A Political Theology of Traditionalist Catholicism?
Decades ago, on my first visit to Rome, I stood inside the Church of St. Peter in Chains, watching a stream of people, mostly elderly, stuffing their alms into an offering box. How could the pastors of such an ornate palace accept such a thing, my 18-year-old self asked? It shocked my conscience and I was determined to do something about it. Looking around, I saw a confessional manned by a priest. That, too, was a strange site for me: a pastor sitting inside an ornate wooden booth. What went on in there, I wondered? No matter: I marched up to the booth where a discrete sign was posted: “italiano,” “español,” and “English,” indicating the languages spoken by this polyglot priest. I protested what I then considered to be fleecing people of their money. The priest was reading a newspaper. “Reverend! How can you just sit there while those poor old people give away all their money?! This church doesn’t need it! Can’t you help them?” The priest calmly folded his newspaper, gave me a wearied look, and asked with a sigh, “A Protestant, I’m guessing?”
I chuckle when I tell the story now, even as I am appalled by my own smug self-righteousness. It never crossed my mind that people, as capable ethical actors, might give of their own volition. I chuckle, too, because the priest could see things about me that I couldn’t yet: I was speaking from an anti-Catholic framework as old as the 16th century, drilled into me as a student at my fundamentalist church and school: Catholics aren’t real Christians. That day in Rome so long ago was the first time I became deeply aware of an unmarked identity that I later understood was built in opposition to Catholic: I’m a Protestant! I remain so today, but with a distinctively ecumenical bent and, I trust, a lot more humility.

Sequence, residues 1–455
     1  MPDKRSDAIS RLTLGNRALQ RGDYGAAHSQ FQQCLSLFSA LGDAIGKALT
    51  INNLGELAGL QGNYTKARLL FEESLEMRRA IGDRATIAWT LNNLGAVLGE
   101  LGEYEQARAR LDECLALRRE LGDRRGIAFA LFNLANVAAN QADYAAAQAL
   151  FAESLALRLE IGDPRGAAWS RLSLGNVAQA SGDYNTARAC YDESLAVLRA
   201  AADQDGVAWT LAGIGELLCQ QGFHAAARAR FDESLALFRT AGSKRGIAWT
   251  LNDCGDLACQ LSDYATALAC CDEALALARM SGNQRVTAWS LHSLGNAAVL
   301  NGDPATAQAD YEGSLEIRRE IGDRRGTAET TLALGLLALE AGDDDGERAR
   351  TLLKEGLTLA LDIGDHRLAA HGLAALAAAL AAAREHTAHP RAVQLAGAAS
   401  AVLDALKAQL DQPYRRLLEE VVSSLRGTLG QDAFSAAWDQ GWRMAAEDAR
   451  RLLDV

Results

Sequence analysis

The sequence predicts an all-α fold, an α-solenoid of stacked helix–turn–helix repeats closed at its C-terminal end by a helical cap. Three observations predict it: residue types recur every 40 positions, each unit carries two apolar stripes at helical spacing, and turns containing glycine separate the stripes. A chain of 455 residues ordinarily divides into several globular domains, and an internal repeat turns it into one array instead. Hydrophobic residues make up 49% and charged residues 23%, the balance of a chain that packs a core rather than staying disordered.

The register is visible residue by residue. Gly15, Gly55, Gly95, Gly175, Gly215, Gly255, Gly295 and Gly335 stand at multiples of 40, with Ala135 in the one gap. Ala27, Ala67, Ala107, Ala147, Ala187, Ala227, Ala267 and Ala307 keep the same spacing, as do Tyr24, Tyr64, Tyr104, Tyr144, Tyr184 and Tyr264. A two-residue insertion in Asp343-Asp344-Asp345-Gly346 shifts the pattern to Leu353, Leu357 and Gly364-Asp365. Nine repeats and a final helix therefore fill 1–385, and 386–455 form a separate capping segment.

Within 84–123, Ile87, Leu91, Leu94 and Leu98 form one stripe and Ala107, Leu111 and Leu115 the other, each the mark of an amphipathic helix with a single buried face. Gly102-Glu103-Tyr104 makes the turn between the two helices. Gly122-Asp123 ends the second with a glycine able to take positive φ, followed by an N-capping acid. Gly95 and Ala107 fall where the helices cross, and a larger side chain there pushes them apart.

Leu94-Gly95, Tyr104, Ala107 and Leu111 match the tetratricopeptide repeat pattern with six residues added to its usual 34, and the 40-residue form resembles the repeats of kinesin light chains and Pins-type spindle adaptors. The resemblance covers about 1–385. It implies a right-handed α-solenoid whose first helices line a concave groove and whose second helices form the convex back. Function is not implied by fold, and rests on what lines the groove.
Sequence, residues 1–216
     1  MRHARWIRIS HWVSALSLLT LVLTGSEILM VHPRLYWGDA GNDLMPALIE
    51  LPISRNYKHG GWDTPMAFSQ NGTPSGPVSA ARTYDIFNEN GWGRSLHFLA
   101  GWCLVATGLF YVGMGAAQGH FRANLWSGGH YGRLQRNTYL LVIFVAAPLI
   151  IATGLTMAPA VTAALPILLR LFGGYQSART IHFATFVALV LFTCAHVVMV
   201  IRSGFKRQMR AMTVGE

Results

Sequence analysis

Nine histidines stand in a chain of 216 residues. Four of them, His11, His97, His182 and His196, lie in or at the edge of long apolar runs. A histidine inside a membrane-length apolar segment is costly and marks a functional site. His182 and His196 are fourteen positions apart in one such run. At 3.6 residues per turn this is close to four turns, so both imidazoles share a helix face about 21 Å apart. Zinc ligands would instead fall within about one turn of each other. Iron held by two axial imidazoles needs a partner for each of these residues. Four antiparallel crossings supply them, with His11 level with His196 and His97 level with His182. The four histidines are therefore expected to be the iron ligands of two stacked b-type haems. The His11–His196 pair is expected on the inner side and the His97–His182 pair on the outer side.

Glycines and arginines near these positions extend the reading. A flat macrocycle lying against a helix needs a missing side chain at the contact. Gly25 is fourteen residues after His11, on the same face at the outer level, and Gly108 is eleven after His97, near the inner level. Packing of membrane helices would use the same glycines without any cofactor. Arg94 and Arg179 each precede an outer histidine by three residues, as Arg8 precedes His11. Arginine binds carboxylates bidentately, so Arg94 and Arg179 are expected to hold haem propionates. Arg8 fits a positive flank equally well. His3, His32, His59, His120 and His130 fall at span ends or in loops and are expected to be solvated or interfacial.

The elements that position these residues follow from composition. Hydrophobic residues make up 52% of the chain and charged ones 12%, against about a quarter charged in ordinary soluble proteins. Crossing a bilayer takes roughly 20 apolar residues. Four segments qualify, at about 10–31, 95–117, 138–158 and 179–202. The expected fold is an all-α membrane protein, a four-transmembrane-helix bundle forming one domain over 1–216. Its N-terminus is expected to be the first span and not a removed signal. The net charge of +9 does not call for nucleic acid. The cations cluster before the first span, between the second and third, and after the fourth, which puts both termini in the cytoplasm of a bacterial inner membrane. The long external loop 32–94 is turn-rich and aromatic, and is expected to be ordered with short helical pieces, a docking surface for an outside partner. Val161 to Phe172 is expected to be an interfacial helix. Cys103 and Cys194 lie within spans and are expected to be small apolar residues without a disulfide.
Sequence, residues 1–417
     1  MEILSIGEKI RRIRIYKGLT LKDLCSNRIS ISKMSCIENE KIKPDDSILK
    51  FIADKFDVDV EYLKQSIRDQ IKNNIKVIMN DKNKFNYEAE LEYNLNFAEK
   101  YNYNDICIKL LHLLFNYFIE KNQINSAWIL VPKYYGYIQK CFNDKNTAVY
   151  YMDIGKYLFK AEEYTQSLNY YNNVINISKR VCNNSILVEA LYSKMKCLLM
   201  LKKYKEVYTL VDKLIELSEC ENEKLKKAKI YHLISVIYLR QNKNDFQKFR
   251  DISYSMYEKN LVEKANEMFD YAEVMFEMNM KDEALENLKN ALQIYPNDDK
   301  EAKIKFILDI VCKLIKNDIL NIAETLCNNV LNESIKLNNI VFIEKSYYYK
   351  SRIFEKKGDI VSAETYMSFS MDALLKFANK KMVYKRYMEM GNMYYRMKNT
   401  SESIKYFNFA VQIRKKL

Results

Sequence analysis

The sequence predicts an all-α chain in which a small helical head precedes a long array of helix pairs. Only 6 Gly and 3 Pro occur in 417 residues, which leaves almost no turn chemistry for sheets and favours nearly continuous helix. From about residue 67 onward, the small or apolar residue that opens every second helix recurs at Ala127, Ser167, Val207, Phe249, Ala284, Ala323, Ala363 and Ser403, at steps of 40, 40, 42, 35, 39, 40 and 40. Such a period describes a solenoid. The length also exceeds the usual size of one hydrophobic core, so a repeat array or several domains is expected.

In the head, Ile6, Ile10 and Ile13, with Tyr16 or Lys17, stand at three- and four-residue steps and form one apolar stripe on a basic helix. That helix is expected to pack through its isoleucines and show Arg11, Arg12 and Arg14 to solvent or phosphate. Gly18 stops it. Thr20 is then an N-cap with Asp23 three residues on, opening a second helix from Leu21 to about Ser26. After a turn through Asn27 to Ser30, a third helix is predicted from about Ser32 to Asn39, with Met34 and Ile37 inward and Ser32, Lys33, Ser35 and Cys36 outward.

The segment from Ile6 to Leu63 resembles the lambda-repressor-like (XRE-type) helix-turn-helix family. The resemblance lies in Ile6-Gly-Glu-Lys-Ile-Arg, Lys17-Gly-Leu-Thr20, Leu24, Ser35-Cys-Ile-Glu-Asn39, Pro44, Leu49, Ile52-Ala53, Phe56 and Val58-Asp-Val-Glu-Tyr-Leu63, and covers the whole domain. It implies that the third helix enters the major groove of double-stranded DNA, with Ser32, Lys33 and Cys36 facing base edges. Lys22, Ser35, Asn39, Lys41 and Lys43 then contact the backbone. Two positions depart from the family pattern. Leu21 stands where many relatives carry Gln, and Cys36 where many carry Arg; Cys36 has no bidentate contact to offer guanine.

I tell you this as a response to Christina Wassell’s posting “Following Jesus as a Traditionalist Catholic” because an important step in respectful conversation about religion is getting real about ourselves, understanding our implicit (and sometimes explicit) biases, and narrating our own pilgrimage in faith. I eagerly read Wassell because she so eloquently relates her migration through several Protestant churches into the traditionalist wing of Roman Catholicism, where she is so clearly and happily at home. It’s rare to find such a comprehensive interweaving of family and faith like the one Wassell describes in her biography. I feel a tinge of longing for the rhythms of life she describes – keeping the fasts and feasts of the traditional church calendar, for instance.